Nabeel has been in prison since Sept. 18, 2016 after a Muslim friend accused him of “sharing” and “liking” on Facebook an allegedly blasphemous photo of the Kaaba, the holiest Islamic site in Mecca, Saudi Arabia. Police are suspected of beating Nabeel until he confessed last year; he maintains his innocence.

On Feb. 7, Judge Muhammad Imran of the Pattoki lower courts rejected Nabeel’s bail application, claiming that “recovery of the used mobile phone and prints of relevant photographs are available on record which prima facie connect the accused with the alleged occurrence.”

“Moreover,” the judge wrote, “the statement of the witness also corroborates the prosecution story … the accused/petitioner is not entitled to concession of post-arrest bail.”

At that time Anjum told Morning Star News that he was surprised at the judge’s mention of a “witness,” as the First Information Report (FIR) makes no mention of any witnesses to the sighting of the alleged image at a village in Kasur District, 30 miles from Lahore.

“The case against Nabeel is clearly fabricated, as he is an illiterate and does not know how to use social media,” Anjum said. “The Facebook account in his name was made by his Muslim friends, and they used to post pictures on the timeline without his consent.”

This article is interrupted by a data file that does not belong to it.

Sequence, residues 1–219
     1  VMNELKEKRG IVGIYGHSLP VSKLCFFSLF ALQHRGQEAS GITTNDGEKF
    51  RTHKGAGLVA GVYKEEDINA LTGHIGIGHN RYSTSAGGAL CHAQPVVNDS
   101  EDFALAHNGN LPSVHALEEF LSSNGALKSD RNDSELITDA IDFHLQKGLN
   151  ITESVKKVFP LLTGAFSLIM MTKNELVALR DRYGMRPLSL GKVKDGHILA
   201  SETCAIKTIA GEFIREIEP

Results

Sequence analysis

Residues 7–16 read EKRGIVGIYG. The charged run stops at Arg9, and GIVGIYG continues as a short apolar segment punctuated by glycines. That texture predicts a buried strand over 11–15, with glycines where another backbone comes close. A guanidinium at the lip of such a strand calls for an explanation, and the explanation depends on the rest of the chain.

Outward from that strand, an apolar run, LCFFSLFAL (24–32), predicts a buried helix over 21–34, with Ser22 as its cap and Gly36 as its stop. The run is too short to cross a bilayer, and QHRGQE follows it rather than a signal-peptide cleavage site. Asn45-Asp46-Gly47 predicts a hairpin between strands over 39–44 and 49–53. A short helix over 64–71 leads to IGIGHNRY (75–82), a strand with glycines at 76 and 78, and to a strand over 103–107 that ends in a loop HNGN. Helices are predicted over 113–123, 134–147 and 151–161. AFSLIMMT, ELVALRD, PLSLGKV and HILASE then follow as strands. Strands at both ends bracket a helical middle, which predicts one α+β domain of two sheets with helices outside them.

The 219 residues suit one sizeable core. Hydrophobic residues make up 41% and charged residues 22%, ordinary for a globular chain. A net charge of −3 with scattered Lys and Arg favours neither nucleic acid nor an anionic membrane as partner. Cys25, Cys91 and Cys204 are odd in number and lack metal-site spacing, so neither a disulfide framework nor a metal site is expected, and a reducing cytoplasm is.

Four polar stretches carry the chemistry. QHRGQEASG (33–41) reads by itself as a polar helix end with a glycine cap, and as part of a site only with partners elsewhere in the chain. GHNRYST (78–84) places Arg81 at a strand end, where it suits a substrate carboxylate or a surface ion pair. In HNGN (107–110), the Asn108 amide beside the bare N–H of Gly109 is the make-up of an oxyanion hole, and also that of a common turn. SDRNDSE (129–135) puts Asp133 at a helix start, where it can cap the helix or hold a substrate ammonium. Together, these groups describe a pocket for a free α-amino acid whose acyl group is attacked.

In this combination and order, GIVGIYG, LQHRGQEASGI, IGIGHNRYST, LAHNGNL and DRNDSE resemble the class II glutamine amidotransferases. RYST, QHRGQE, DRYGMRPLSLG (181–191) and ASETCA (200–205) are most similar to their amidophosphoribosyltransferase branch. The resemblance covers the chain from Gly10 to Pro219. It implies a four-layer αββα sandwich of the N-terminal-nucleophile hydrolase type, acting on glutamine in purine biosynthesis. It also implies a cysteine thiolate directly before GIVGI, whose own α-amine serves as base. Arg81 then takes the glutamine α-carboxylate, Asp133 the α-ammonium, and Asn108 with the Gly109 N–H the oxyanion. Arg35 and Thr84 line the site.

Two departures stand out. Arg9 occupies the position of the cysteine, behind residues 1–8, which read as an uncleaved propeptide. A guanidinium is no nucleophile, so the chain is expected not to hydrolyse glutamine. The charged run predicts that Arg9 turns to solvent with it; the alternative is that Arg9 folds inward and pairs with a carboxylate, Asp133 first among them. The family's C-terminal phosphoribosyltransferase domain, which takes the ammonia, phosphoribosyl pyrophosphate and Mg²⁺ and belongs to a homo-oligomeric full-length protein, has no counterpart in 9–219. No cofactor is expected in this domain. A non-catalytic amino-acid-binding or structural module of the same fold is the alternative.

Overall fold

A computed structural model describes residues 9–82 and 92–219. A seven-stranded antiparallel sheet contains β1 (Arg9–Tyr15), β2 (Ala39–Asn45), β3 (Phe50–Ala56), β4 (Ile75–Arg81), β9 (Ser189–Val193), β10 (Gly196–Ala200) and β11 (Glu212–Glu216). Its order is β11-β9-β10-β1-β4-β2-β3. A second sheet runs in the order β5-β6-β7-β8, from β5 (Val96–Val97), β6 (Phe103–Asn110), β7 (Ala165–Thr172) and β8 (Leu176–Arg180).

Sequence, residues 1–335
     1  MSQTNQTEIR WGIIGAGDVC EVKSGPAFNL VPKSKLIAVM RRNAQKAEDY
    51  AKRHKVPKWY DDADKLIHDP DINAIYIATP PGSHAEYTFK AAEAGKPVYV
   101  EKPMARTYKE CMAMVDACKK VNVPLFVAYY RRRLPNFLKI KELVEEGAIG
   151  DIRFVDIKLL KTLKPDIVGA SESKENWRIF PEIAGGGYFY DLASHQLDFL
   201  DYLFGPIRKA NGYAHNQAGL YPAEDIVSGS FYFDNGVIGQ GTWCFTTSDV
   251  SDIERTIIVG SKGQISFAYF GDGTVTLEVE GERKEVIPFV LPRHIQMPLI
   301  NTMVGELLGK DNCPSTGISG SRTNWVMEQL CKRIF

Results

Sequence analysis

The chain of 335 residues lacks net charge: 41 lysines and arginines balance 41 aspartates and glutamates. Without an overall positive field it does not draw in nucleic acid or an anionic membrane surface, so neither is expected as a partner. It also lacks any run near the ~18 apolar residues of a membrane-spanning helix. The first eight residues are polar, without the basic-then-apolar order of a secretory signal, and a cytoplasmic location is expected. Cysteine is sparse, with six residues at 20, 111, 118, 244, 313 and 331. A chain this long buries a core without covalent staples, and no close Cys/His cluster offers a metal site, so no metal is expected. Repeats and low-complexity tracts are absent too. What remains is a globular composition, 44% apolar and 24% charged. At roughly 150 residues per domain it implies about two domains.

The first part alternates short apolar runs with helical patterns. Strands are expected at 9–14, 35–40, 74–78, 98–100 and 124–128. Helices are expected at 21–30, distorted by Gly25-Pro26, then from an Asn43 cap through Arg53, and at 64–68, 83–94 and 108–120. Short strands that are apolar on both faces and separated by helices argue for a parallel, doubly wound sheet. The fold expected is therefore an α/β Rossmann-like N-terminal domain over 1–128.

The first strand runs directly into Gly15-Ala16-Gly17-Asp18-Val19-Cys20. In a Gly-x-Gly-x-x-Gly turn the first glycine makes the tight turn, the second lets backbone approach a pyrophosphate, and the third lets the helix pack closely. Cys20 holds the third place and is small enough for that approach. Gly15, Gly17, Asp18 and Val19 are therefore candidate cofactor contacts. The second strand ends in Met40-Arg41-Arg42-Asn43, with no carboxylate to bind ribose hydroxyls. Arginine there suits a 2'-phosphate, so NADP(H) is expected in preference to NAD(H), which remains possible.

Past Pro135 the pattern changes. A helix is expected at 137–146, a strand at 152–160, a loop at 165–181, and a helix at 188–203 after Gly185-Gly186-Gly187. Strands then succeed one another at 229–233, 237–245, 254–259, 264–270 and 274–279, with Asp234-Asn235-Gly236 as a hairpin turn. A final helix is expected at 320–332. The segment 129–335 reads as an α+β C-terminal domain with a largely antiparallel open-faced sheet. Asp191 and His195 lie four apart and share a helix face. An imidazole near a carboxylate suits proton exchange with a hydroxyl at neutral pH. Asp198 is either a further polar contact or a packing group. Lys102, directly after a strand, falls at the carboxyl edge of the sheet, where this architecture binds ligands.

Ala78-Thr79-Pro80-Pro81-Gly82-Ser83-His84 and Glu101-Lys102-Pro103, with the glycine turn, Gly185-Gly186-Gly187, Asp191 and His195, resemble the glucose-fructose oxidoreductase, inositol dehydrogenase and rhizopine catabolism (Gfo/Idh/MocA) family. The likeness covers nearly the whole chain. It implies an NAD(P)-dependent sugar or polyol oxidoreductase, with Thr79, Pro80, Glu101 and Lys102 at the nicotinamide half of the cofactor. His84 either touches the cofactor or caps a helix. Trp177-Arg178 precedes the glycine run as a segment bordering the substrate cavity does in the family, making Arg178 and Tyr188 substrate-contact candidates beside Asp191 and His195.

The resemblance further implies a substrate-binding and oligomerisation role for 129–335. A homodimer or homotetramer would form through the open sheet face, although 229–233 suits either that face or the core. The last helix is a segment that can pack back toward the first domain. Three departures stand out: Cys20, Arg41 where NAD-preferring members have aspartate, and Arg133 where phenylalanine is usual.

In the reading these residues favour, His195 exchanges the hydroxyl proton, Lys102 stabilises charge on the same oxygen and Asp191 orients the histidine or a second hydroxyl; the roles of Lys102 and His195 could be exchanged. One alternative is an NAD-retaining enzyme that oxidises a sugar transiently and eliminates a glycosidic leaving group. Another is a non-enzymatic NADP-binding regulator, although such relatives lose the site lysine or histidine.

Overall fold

Regarding his bail application, Anjum said superior courts have ruled that if there is any element of doubt as to the guilt of the accused, the benefit of a doubt must be given to the accused.

“Moreover, Nabeel is 16 years old, and the superior courts have already ruled that a juvenile has to be released on bail irrespective of the gravity of offenses if there is no possibility that his release would bring him in association with unknown criminals,” he said.

He added that the case against Nabeel had been registered with “mala fide intention” and “ulterior motives.”

“I have repeatedly told the court that the case against the Christian teen had been lodged after two days of the alleged occurrence of the incident, which clearly showed that he was [accused only] after deliberation and consultation,” he said. “Keeping in view the several lacunas in the case and its investigation, we had hoped that the judge would admit our application and grant bail to the teen.”

The recent lynching of a Muslim student over blasphemy charges at a university in northwestern Pakistan, the murder of a blasphemy accused Muslim in Punjab Province and mob violence against a mentally challenged Muslim on similar accusations have compelled officials at high levels to call for changes in the widely condemned statutes.



The National Assembly on April 17 passed a resolution calling for amending the blasphemy law to include strong safeguards to help prevent its misuse. At the same time, the Senate called for amending the statutes to provide punishments to those who concoct blasphemy accusations against others.

Calls to amend the blasphemy laws have been made before, especially after two high-profile political leaders – Punjab Gov. Salmaan Taseer and the first Christian minister for Minority Affairs, Shahbaz Bhatti – were gunned down by Islamist militants for demanding a review of the laws.

The Khan murder, however, echoed loudly in both houses of Parliament, and, following army operations against Islamist militancy across the country, members of the National Assembly and Senate appear determined to take action.